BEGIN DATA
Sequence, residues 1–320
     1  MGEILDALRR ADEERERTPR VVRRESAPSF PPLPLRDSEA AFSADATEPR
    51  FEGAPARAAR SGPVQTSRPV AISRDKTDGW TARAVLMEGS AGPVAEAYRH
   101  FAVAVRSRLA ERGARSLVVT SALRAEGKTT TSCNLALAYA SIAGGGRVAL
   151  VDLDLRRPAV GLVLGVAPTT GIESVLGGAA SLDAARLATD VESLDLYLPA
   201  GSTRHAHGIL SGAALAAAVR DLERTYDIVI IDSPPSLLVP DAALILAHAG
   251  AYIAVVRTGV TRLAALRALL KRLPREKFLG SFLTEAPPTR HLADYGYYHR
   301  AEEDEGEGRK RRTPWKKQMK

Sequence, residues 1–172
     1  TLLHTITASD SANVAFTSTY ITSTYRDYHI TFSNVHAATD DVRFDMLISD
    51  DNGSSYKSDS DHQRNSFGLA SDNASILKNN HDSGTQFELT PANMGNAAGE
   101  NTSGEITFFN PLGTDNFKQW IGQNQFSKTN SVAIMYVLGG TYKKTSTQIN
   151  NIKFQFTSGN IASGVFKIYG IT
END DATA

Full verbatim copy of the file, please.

Sequence, residues 1–320
     1  MGEILDALRR ADEERERTPR VVRRESAPSF PPLPLRDSEA AFSADATEPR
    51  FEGAPARAAR SGPVQTSRPV AISRDKTDGW TARAVLMEGS AGPVAEAYRH
   101  FAVAVRSRLA ERGARSLVVT SALRAEGKTT TSCNLALAYA SIAGGGRVAL
   151  VDLDLRRPAV GLVLGVAPTT GIESVLGGAA SLDAARLATD VESLDLYLPA
   201  GSTRHAHGIL SGAALAAAVR DLERTYDIVI IDSPPSLLVP DAALILAHAG
   251  AYIAVVRTGV TRLAALRALL KRLPREKFLG SFLTEAPPTR HLADYGYYHR
   301  AEEDEGEGRK RRTPWKKQMK

Sequence, residues 1–172
     1  TLLHTITASD SANVAFTSTY ITSTYRDYHI TFSNVHAATD DVRFDMLISD
    51  DNGSSYKSDS DHQRNSFGLA SDNASILKNN HDSGTQFELT PANMGNAAGE
   101  NTSGEITFFN PLGTDNFKQW IGQNQFSKTN SVAIMYVLGG TYKKTSTQIN
   151  NIKFQFTSGN IASGVFKIYG IT